© Stephen Eastaugh, 2019. All Rights Reserved.
I soon say good-bye to hut fever in its Antarctic form and prepare for other fevers. My immune system must be rather weak now after a year of no internal microscopic bug wars to keep it fit I also worry that my tolerance to other peoples concerns has been severely diminished as well. How can I pretend to be concerned or even bother listening to anyone who has trivial complaints or mentions topics like –Michael Jackson’s new film, fashion tips by the US president’s wife or which celebrity is doing naughty things. I have had little to do with many things for a long time, even important world news has seemed so faraway and unconnected to life here on the Ice that I may seem rather callous when I return. Maybe I was callous before I wintered? I hope I did not loose any empathy out there on that slippery icecap.
I have been living in a tiny outpost of society that cannot survive at all without support from “home” but it is a fact that I feel very distant, fuzzy and maybe hesitant about re-integration into normal society. Everyone certainly misses their loved ones and I desire enormously to see Carolina but our concerns have been artificially limited due to the isolation. Concentration is elusive now as I slowly start to readjust for the welcome home onslaught. All these feelings sum up what is called “a burnt out winterer” or a “broken” winterer as an Argentinean Antarctic doctor tells me. I feel pretty weathered both internally and externally as I sit here and wait for the Casa light plane to land. Admittedly I did put myself in this situation and pushed myself with an intensive work routine. I may be drained more by my elongated self-inflicted studio time than the dark temporal oddity of an Antarctic winter. I wave goodbye to this far-flung frigid village surrounded by glimmering ice and pack my bags ready to fly over masses of pack ice.
Farewell to my Mawson mates as well as to the hardy orange lichen on nearby boulders where I used to sit and contemplate. Melt water can now been found so moss and lichen begin to come out of hibernation, I best work out how to do the same.
We all talk about “RTA” and wait for extraction. No one speaks of “going home” or “waiting for a flight.” Acronyms are linguistically fashionable down on the Ice. This is due to communication methods used that must pass information fast and clear also government and military systems have tainted language down here. So you can hear over lunch sentences like - “RTA on the AA”, “Oh on V3?” “Say hi to the VL for me” or “…FTO over summer.” Someone on station almost ended his telephone chat with his mother with “Over and out Mum. VLV standing by.” Return To Australia for me will involve a whirlwind of people, chores, medical, telephone calls, psychological debriefing, drinks, airports and acclimatization, all sounding very exhausting for this delicate petal.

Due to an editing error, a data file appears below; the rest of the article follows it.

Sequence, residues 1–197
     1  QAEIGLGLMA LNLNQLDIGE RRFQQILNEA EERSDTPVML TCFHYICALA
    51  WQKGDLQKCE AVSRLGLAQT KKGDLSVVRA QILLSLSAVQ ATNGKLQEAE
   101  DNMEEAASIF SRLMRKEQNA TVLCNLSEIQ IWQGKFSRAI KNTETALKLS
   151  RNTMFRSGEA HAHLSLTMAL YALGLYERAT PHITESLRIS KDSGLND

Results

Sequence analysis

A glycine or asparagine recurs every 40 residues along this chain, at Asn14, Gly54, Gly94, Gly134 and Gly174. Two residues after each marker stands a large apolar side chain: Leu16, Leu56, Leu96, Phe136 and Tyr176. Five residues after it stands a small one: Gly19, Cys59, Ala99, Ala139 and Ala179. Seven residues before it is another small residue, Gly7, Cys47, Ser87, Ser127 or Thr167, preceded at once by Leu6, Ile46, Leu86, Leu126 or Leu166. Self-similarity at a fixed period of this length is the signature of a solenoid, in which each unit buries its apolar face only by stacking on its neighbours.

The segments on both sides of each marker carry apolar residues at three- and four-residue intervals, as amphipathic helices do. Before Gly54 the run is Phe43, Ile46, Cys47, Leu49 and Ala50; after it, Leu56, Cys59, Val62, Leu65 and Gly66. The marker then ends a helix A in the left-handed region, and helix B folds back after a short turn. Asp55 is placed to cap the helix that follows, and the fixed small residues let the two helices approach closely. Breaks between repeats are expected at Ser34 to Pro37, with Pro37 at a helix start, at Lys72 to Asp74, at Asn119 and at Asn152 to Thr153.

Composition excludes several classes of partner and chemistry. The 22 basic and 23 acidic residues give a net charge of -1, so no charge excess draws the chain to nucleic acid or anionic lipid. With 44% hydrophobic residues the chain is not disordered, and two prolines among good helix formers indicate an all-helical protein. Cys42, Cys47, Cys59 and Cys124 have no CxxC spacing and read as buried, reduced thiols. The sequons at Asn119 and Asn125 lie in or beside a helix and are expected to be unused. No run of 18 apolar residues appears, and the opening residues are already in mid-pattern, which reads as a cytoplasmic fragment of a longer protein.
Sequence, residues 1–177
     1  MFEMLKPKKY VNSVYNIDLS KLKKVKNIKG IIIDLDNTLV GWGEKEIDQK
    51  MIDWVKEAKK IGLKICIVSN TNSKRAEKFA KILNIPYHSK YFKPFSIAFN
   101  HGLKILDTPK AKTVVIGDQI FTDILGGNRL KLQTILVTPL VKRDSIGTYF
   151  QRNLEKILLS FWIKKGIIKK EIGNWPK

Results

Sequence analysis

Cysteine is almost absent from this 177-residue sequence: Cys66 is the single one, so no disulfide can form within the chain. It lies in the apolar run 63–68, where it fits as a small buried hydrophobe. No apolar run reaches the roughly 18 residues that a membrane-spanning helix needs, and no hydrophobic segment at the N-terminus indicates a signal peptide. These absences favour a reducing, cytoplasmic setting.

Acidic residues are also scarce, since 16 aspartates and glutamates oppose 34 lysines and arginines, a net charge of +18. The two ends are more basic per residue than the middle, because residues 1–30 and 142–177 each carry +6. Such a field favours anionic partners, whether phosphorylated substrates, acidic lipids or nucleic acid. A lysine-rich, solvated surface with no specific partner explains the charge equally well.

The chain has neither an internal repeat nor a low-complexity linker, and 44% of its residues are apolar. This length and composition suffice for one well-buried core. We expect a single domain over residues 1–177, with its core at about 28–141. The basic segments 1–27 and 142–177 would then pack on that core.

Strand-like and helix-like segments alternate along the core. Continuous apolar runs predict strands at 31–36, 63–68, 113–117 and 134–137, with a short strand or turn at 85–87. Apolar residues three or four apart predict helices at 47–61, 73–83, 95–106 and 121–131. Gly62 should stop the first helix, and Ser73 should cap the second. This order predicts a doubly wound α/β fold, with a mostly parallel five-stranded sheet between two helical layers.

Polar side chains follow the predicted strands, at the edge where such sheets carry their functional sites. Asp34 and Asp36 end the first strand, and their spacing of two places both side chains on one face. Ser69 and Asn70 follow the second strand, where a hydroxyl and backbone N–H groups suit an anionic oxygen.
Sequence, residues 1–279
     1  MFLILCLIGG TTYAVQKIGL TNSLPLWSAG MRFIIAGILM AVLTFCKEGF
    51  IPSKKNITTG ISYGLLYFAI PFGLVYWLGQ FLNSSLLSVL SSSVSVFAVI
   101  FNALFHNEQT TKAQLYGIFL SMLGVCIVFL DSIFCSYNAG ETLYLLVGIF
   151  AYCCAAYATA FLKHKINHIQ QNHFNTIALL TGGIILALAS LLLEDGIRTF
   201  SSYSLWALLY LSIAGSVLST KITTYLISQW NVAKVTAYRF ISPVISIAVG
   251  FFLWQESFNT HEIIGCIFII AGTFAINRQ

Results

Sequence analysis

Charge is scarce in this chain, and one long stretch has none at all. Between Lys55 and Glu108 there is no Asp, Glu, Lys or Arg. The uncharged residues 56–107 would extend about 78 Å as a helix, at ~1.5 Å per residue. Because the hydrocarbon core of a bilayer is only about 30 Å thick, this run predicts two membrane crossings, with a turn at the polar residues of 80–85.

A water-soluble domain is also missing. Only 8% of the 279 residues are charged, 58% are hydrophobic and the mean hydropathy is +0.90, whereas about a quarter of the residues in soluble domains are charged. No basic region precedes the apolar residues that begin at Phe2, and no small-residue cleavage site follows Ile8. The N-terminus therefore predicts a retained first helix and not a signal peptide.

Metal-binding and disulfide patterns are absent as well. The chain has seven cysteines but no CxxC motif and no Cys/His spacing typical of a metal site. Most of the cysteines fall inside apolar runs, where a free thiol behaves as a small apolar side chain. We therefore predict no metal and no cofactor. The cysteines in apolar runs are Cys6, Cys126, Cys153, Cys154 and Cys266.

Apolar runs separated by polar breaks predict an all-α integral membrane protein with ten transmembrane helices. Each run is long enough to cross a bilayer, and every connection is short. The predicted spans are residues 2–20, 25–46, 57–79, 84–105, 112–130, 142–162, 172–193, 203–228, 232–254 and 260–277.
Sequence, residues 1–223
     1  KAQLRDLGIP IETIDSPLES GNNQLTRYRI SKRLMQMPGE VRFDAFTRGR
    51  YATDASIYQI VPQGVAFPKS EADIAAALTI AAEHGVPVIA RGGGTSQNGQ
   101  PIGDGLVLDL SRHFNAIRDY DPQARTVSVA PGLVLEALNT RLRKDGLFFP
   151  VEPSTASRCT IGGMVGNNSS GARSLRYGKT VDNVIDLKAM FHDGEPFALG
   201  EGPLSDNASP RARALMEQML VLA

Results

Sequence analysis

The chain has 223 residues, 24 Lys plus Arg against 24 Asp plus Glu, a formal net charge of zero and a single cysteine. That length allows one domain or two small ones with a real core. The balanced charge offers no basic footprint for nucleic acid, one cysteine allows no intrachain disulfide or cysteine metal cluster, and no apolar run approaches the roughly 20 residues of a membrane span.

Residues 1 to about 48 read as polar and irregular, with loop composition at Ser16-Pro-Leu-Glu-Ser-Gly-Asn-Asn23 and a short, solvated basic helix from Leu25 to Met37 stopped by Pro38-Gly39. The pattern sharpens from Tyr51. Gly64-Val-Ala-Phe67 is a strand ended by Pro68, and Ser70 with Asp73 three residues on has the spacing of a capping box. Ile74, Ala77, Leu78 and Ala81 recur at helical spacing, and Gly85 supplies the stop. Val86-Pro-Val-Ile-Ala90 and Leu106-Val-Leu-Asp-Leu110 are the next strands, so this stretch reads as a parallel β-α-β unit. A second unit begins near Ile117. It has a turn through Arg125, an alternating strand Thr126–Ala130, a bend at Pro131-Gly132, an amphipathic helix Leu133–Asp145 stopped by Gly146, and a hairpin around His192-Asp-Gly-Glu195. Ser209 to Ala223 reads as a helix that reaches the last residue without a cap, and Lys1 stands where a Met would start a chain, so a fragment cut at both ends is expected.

RTA (RETURN TO AUSTRALIA)
I begin to head northwards. Mawson to Davis took me over the massive Amery Iceshelf with views galore and after a little over two hours we landed on the sea ice just off Davis station. Here the Aurora Australis icebreaker has been busy bashing its way through the heavy ice in order to resupply the station with people, food, fuel and cargo. As resupply was underway I attempted to settle first into a donga then into my cabin on ship. My social skills have certainly weakened as I found Davis station with a monster population of 100 rather tedious to navigate around. I hope to get a good eight-hour long sleep some time soon as I prepare for many days of cabin fever as we cross the often rowdy Southern Ocean in a tiny bright red ship.
The voyage involved icebreaking, pack ice, filming, floe ice, reading, bergs, writing, waves, sleeping, movies, more reading, more waves and the slow shedding of polar clothing. After 322 days far south I arrived back in Hobart on 5th December feeling rather elated but askew. Many things are surprising as I stroll around Hobart but all things are warm which is also incredible! I have slight bouts of ‘Green-out” upon seeing shrubbery and bushes. The smells are fabulous but flowers look just crazy and fake. Patting pets and observing other creatures like insects all seems peculiar. Not to mention all those wired humans running about the place.
Perhaps as you read this Carolina is shearing off my beard with a rusty machete as symbolic revenge for not being physically close by and having this odd affair with an icecap for one year. I have indulged in a serious love-hate relationship with a place that often charms and occasionally frazzles minds. What form of relationship did I form with Mawson station during 2009? I will answer that question visually via exhibitions in 2010. I owe Carolina a great deal for her understanding and extreme patience while I was ogling the Ice for such a long time, now I must get over the Pacific Ocean and find her.
In Argentina I will thaw out and the Ice will slowly become fluid in my mind as some good, some bad and some indifferent limbo-like Mawson memories melt away. What I retain will be astonishing experiences as well as a little ice floe-ing in my blood, even when its +40C.